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Matthew Arnold (1822–88).  The Poems of Matthew Arnold, 1840–1867.  1909.
 
The Strayed Reveller, and Other Poems
Stanzas on a Gipsy Child by the Sea-shore
 
DOUGLAS, ISLE OF MAN
[First published 1849. Reprinted 1855.]

WHO taught this pleading to unpractis’d eyes?
Who hid such import in an infant’s gloom?
Who lent thee, child, this meditative guise?
What clouds thy forehead, and fore-dates thy doom? 1
 
Lo! sails that gleam a moment and are gone;        5
The swinging waters, and the cluster’d pier.
Not idly Earth and Ocean labour on,
Nor idly do these sea-birds hover near.
 
But thou, whom superfluity of joy
Wafts not from thine own thoughts, nor longings vain,        10
Nor weariness, the full-fed soul’s annoy;
Remaining in thy hunger and thy pain:
 
Thou, drugging pain by patience; half averse
From thine own mother’s breast, that knows not thee;
With eyes that sought thine eyes thou didst converse,        15
And that soul-searching vision fell on me.
 
Glooms that go deep as thine I have not known:
Moods of fantastic sadness, nothing worth.
Thy sorrow and thy calmness are thine own:
Glooms that enhance and glorify this earth.        20
 
What mood wears like complexion to thy woe?—
His, who in mountain glens, at noon of day,
Sits rapt, and hears the battle break below?—
Ah! thine was not the shelter, but the fray.
 
What exile’s, changing bitter thoughts with glad?        25
What seraph’s, in some alien planet born?—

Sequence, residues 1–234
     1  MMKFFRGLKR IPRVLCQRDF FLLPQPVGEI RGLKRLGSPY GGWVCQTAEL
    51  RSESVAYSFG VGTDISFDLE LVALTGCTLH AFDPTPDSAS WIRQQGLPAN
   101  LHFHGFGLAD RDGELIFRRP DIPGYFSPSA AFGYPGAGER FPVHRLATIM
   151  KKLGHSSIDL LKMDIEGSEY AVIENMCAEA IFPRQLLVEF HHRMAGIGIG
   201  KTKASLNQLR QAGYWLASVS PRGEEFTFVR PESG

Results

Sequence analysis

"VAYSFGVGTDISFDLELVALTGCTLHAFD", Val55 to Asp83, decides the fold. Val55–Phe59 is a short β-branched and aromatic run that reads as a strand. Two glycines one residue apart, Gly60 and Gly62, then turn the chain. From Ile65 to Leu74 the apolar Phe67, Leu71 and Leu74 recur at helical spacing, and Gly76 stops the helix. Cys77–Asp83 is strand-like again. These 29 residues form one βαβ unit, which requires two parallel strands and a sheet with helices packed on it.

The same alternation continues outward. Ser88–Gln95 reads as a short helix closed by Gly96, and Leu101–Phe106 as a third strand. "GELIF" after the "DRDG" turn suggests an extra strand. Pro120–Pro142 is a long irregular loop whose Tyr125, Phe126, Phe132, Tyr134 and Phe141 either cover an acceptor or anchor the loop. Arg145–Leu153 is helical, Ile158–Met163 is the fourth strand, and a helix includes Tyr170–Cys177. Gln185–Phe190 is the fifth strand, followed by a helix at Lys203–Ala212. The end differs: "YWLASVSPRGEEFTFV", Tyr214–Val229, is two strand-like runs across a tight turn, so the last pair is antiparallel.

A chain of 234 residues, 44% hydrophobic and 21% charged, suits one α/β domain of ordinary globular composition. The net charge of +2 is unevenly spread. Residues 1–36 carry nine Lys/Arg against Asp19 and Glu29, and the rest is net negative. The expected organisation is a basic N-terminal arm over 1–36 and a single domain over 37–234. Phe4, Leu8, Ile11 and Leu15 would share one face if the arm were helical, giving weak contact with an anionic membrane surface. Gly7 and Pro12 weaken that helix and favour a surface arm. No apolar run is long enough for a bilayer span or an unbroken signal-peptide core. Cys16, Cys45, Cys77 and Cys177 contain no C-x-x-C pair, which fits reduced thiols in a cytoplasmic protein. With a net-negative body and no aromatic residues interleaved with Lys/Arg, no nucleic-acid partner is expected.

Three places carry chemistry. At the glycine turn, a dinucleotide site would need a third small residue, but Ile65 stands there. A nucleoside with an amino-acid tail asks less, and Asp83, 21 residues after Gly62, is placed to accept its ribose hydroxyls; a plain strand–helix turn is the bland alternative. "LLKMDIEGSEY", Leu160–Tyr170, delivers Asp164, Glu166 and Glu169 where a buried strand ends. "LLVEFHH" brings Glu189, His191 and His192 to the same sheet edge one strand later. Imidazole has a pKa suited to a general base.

No exile’s dream was ever half so sad,
Nor any angel’s sorrow so forlorn.
 
Is the calm thine of stoic souls, who weigh
Life well, and find it wanting, nor deplore:        30
But in disdainful silence turn away,
Stand mute, self-centred, stern, and dream no more?
 
Or do I wait, to hear some grey-hair’d king
Unravel all his many-colour’d lore:
Whose mind hath known all arts of governing,        35
Mus’d much, lov’d life a little, loath’d it more?
 
Down the pale cheek long lines of shadow slope
Which years, and curious thought, and suffering give—
Thou hast foreknown the vanity of hope,
Foreseen thy harvest—yet proceed’st to live.        40
 
O meek anticipant of that sure pain
Whose sureness grey-hair’d scholars hardly learn!
What wonder shall time breed, to swell thy strain?
What heavens, what earth, what suns shalt thou discern?
 
Ere the long night, whose stillness brooks no star,        45
Match that funereal aspect with her pall,
I think, thou wilt have fathom’d life too far,
Have known too much—or else forgotten all.
 
The Guide of our dark steps a triple veil
Betwixt our senses and our sorrow keeps:        50
Hath sown with cloudless passages the tale
Of grief, and eas’d us with a thousand sleeps.
 
Ah! not the nectarous poppy lovers use,
Not daily labour’s dull, Lethaean spring,
Oblivion in lost angels can infuse        55
Of the soil’d glory, and the trailing wing;
 
And though thou glean, what strenuous gleaners may,
In the throng’d fields where winning comes by strife;
And though the just sun gild, as all men pray,
Some reaches of thy storm-vext stream of life;        60
 
Though that blank sunshine blind thee: though the cloud
That sever’d the world’s march and thine, is gone:
Though ease dulls grace, and Wisdom be too proud
To halve a lodging that was all her own:
 
Once, ere the day decline, thou shalt discern,        65
Oh once, ere night, in thy success, thy chain.
Ere the long evening close, thou shalt return,
And wear this majesty of grief again.
 
Note 1. Who mass’d, round that slight brow, these clouds of doom? 1849. Arnold in later editions reverted to the 1849 form of this line. In a letter dated June 26, 1869, he writes: ‘I suppose I must change back the “Gipsy Child” to its old form, as no one seems to like the new one.’ [back]
 
 
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